Probation Periods: These can be covered in the contract and vary according to category of employee: One month for unskilled; two months for skilled; three months for other employees. Once successfully completed, the probationer receives final employment contract. In the textile industry there must be one week’s notice during the trial period, but not in other cases.
Part-time, temporary and agency employment contracts: The Labour Law has no specific regulations regarding these. Workers in these categories should have the same rights as permanent workers, although benefits are likely to be adjusted pro rata.
Collective Bargaining Agreements (CBAs): The Labour Law enforces the terms of a collective agreement if its terms are better than those offered in an individual employment contract. CBAs are binding on the employers who sign agreements with trade unions or workers’ representatives. There are no specific agreements setting out terms for all workers in a particular sector.
Laws that regulate the labour relationship in Cambodia
The employment relationship is primarily governed by the Labour Law and the Law on Social Security, with supplementary legislation issued by the Ministry of Labour and Vocational Training (MLVT).
General requirements for Contracts
Open-ended contracts can be in written or oral form, but fixed-term contracts must be in writing. Contracts must meet the minimum requirements for benefits and entitlements as set out by the Labour Law and the Law on Social Security. Cambodia’s Civil Code requires that contracts must at least detail the salary, working hours and working conditions. Written contracts for foreigners are required for their work permit.
Workers’ entitlements and guarantees in Cambodia are governed by the Labour Law and the Law on Social Security, implemented by the Ministry of Labour and Vocational Training (MLVT). Employers with more than eight employees must register internal ‘work rules’ with the MLVT after agreeing them with workers’ representatives. The rules must cover hiring terms and employee’ responsibilities; salary calculations, salary-related benefits and benefits in kind; working hours, breaks and holidays; notice periods; disciplinary procedures; occupational health and safety measures. Companies employing more than 50 must have an in-house infirmary, first aid room and at least one nurse present during working hours. Companies with more than 100 female employees must have a nursing room and day care centre on-site or close to the office.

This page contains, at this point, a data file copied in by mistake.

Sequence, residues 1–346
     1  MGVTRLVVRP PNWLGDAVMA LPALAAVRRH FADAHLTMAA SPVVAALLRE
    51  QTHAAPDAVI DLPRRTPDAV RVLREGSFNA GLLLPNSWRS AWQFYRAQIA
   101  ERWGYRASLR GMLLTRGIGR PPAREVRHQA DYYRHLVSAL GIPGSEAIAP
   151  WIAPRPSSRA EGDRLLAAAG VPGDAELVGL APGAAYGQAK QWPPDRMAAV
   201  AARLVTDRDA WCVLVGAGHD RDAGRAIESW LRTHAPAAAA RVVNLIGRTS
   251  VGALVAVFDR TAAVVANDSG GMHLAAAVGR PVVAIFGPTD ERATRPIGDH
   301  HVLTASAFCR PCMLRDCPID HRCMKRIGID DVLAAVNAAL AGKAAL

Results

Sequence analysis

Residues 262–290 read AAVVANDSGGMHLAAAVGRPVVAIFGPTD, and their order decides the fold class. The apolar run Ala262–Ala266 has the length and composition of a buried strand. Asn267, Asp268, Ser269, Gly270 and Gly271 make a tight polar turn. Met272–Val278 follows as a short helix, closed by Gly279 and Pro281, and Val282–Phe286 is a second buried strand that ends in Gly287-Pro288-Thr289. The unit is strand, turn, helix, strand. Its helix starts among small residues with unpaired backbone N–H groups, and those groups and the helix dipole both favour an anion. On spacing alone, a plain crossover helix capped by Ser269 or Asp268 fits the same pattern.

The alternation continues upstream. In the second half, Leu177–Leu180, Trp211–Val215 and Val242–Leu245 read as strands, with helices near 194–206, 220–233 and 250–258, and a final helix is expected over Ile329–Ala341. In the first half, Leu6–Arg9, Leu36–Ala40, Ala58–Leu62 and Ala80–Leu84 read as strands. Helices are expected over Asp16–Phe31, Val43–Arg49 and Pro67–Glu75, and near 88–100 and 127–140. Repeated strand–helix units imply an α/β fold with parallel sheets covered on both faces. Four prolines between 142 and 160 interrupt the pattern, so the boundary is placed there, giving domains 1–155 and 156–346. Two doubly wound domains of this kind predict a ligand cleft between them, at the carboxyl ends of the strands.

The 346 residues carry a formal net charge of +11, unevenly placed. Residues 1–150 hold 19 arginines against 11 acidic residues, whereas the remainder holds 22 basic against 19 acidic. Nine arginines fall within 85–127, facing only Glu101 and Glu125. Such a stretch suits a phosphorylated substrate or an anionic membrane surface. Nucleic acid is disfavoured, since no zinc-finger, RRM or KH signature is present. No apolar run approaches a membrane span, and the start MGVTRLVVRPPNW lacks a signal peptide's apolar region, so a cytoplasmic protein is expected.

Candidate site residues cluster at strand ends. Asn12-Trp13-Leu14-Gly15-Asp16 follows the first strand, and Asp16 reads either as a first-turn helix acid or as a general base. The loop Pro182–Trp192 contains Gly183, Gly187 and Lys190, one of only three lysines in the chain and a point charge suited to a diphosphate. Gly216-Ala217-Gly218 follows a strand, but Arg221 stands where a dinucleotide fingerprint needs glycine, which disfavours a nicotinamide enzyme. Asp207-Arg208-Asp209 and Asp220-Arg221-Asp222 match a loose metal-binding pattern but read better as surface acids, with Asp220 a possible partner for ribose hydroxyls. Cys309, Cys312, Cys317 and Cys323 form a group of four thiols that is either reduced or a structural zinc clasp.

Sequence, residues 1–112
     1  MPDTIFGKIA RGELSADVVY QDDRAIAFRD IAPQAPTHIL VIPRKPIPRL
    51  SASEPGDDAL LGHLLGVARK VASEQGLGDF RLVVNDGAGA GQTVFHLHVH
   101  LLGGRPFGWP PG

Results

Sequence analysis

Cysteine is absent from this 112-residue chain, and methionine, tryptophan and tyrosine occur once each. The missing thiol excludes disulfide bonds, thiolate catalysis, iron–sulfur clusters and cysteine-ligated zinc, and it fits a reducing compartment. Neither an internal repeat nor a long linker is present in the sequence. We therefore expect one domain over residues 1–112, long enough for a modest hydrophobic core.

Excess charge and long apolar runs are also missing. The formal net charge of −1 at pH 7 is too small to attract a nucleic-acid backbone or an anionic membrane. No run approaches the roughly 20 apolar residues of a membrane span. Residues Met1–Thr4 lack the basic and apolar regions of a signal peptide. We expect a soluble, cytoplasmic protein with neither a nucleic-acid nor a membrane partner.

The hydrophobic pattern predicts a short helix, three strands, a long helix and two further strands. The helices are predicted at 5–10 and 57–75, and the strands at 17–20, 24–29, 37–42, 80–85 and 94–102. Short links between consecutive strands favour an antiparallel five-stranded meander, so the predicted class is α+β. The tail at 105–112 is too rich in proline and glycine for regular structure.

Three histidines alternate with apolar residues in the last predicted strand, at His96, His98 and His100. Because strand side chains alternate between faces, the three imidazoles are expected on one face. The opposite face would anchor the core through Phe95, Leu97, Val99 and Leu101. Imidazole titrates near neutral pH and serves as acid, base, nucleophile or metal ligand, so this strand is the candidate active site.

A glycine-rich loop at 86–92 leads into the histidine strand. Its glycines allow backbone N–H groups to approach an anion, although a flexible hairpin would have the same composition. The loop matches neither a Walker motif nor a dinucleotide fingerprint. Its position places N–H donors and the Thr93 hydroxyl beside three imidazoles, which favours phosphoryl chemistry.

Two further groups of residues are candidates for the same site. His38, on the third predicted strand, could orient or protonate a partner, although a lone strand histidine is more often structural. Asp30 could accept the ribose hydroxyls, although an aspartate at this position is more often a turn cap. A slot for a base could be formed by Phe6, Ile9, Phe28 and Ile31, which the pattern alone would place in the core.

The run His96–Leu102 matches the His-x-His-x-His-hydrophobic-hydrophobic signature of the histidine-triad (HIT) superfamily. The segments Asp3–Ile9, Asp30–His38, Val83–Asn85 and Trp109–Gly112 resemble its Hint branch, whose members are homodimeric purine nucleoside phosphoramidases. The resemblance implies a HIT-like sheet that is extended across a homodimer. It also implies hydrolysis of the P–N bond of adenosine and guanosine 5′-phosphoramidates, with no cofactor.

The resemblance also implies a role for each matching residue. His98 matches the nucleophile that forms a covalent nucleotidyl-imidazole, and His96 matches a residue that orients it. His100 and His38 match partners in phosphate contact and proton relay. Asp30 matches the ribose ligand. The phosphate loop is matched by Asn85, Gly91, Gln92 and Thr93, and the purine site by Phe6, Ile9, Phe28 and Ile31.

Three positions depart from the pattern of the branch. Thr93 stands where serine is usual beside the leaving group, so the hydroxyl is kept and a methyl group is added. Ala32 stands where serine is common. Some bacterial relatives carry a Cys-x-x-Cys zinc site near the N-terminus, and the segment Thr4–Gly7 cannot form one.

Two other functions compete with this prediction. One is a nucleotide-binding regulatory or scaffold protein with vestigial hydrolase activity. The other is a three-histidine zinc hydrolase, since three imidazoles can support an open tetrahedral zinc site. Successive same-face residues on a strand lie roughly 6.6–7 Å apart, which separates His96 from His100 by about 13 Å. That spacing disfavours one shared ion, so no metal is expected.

What are the Compensation Laws?
National Minimum Wage (NMW): The minimum wage in Cambodia is set by the Labour Advisory Committee, a tripartite organisation comprising government, trade union and employer representatives. In general, the minimum monthly wage is KHR 818,800 (€186, US$200) as of January 2023, although a slightly reduced minimum may apply to probationary workers in textiles and garments production. The Cambodian Constitution dictates equal pay between men and women without discrimination on the grounds of gender, origin, caste or age
Working Hours and Breaks: The Labour Law restricts working hours to eight per day and a maximum 48 a week. Workers on permanent shift work between 10pm and 5am receive 130% of the normal rate for daytime work. The normal working day of eight hour includes one hour for lunch, which is usually covered in internal work rules
Overtime: Employees must volunteer and consent to working overtime, which applies to hours worked over the normal working week and must be agreed with the MLVT. This can be done online. Overtime can be a maximum two hours per day. Rates are 150% of usual hourly pay for overtime on a regular working day; twice the normal hourly pay for overtime between 10pm and 5am, or those working on a public holiday
Sick Leave and Benefits: The Labour Law offers little guidance on short-term sick leave, which is therefore covered in internal work rules or contracts. Typically, employers allow the first month of long-term sick leave on full pay; the second and third month on 60% of normal pay. Pay ceases from the fourth month and employment may be suspended after the sixth month of sick leave. Employers cannot recover sickness benefit from the state